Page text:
Charles Barkley responds to Draymond Green’s rant about player trades
Draymond Green made headlines earlier this week when he unloaded on NBA teams for sitting players as they openly work to trade them. Not surprisingly, Charles Barkley does not agree with the Golden State Warriors star’s stance.
The Cleveland Cavaliers have decided they will not play Andre Drummond while they try to trade the veteran center. The Detroit Pistons are doing the same with Blake Griffin. Green sounded off about that on Monday night, insisting there is a double standard with players wanting to be traded versus teams openly shopping players in trade talks.
“Teams can come out and continue to say, ‘Oh, we’re trading guys. We’re not playing you.’ And, yet, we’re (supposed) to stay professional,” Green said. “At some point, as players, we need to be treated with the same respect and have the same right that the teams have.”
During an appearance on “The Bill Simmons Podcast” this week, Barkley said Green came across as “annoying” with the rant. The Hall of Famer said it’s a lot easier to be outspoken when you play for the best team in the NBA.
“I think Draymond’s got to start learning you can say what you want to when you’re the champs and you’re in first place,” Barkley said, as transcribed by Jon Becker of The Mercury News. “But when you’re in last place, you become the guy who becomes annoying.”
Simmons pointed out that Barkley was also very outspoken during his career despite playing for some bad teams. Barkley defended that by saying “I was a great player.”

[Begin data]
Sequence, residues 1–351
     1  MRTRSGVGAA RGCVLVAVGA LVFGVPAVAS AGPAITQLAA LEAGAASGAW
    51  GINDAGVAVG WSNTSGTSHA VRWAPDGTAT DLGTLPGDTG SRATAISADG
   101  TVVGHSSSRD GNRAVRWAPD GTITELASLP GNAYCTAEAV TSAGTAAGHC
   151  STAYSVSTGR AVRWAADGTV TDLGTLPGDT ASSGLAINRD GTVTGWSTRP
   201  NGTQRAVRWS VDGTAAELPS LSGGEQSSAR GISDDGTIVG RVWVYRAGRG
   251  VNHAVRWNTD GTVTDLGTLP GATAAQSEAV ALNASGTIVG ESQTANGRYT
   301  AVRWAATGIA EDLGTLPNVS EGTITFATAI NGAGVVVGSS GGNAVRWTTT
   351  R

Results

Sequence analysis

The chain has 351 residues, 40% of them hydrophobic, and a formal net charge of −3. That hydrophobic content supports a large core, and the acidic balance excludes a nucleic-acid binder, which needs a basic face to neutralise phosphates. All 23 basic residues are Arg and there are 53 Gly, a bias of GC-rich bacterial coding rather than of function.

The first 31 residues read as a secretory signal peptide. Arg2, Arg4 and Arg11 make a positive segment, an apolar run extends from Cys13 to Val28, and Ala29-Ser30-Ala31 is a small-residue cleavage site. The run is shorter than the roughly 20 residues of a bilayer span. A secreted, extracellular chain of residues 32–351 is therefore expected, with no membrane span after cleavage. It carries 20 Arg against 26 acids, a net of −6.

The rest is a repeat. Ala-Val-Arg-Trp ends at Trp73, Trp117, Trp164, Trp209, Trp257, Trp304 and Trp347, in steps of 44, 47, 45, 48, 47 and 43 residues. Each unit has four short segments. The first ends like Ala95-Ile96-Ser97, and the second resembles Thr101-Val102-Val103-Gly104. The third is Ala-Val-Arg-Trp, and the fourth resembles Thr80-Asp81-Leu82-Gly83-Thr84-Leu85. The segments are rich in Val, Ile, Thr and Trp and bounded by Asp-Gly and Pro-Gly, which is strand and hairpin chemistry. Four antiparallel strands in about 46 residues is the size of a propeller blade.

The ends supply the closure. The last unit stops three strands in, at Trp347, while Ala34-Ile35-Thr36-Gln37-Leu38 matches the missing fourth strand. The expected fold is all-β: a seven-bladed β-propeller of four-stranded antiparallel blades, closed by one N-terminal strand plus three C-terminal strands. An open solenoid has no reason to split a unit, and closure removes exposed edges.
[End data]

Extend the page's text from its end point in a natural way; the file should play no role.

“There’s a double standard on that. When you’re a great player, you can do and say what you want to do,” he said. “When you’re on a good team, you can do and say what you want to. When you’re in last place, you have to stand down. He hasn’t learned that yet.”
The Warriors were 16-13 and in 7th in the Western Conference heading into Thursday, so they are far from being in last place.
Barkley also defended what the Cavaliers and other teams are doing. He said he understands wanting to prevent Drummond from getting injured given the circumstances.
Green and Barkley have a history of trading shots, so it’s hardly a shock that they disagree on this topic. It’s important to note that Drummond and Griffin agreed to the arrangement, and the latter even thanked the Pistons.
There’s a difference between a player demanding a trade when a team wants to keep him and two sides agreeing agreeing to a divorce. Green doesn’t seem to care about that distinction.